Bucks County unveiled a $412,000 fab lab that will deliver science, technology, engineering, art and mathematics as it makes weeklong stops at various elementary and middle schools in all 13 county school districts.
(TNS) — The latest in STEAM education in Bucks County rolled its way into a Pennridge elementary school Monday for its debut, bringing with it the latest in science technology that officials say will connect and prepare students for jobs now in demand.
Officials and visitors gathered at Seylar Elementary School in Hilltown for some brief remarks and a ribbon-cutting for the Bucks County Mobile Fab Lab operated by the county's intermediate unit.
Billed as "STEAM education on the go," covering science, technology, engineering, art and mathematics, the lab will spend a week at Seylar and then move on to weeklong stops at various elementary and middle schools in all 13 county school districts.
Purchased and equipped by the IU using a $412,000 PAsmart grant administered by the state's Department of Education, the mobile fab lab has two 3-D printers, silhouette portrait fabricator, vinyl cutter, computer numerical controller router, laser cutter and various other pieces of robotics and STEAM-related devices. The equipment will be unloaded and placed in larger spaces at each school, like a cafeteria or gymnasium, for students and teachers to use.
"It will do wonderful things for students throughout Bucks County," Bucks County IU Executive Director Mark Hoffman said.
"This is an incredible, incredible milestone," IU STEAM Education Supervisor Lindsey Rutherford Sides added.
"Why is it so important? There were 300,000 STEM jobs in Pennsylvania in 2017 and of those, 17,000 were unfilled. In Bucks County, advanced manufacturing jobs were cited as the kind in most demand. The purpose of this lab is to help connect those dots, to fill those jobs with trained people, and help prepare these students for the workforce."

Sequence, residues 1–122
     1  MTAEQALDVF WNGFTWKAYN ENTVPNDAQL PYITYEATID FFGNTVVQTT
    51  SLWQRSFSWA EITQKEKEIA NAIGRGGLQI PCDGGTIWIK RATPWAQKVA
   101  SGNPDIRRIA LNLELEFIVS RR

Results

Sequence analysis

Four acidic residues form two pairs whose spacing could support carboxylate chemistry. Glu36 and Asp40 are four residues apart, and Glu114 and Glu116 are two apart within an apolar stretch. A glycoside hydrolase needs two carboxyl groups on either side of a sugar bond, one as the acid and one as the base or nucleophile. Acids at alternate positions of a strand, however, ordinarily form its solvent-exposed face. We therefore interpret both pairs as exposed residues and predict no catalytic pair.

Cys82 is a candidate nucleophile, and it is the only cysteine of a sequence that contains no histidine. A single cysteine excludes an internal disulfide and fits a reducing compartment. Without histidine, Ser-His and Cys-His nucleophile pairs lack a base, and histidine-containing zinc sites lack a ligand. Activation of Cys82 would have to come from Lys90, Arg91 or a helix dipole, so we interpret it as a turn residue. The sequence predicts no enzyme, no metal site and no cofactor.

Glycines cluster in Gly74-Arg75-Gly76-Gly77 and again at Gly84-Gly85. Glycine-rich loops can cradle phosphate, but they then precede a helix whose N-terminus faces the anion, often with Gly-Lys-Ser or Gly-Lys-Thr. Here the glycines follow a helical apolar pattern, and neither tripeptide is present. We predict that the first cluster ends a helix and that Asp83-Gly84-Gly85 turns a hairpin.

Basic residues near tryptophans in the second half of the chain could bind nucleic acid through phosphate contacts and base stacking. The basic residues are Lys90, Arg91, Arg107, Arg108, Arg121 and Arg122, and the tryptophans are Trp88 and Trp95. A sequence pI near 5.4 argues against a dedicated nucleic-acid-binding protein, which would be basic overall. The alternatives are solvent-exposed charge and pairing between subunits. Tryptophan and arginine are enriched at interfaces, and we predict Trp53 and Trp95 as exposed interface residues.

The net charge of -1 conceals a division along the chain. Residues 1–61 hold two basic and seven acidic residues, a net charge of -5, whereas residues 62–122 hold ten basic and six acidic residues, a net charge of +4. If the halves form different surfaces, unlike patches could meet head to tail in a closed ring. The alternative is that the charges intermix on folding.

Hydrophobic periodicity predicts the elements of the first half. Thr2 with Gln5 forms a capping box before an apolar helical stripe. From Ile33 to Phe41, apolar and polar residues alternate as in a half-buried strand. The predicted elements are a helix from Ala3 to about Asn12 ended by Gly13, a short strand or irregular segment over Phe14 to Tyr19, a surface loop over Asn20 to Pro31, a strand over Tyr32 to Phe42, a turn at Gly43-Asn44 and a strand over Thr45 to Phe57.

Judd Pittman, special consultant to the state education secretary on STEM, said using the equipment from the mobile lab "should help young learners put their hands and minds together and understand the relevancy of what they are learning as it relates to future employment needs."
One project at Seylar this week has fifth-graders using software to design windmills and then fabricating them with the Mobile Fab Lab equipment and hooking them up via electronic circuitry to power a light bulb. It's a lesson in sustainable energy, IU Mobile Fab Lab Program Coordinator Megan Boletta said.
Another project will involve third-graders using robotics from the lab to simulate a solar eclipse, she added.
"It's all about taking an idea and going through the steps of turning it into reality," Boletta said.
The Mobile Fab Lab is one of only 50 in the country, Bucks County IU officials said.
When not in use at schools, officials plan to take it during the summer and on weekends to homeless shelters and other facilities where low-income families can take advantage.
"The Mobile Fab Lab will support innovative teaching and learning in schools throughout all of Bucks County," Hoffman said. "Having a van that can move between schools allows the districts to bring cutting-edge, modern equipment directly to the students and their teachers. This helps to ensure that Bucks County schools are preparing young people today for the jobs they'll hold tomorrow."
©2019 Bucks County Courier Times, Levittown, Pa. Distributed by Tribune Content Agency, LLC.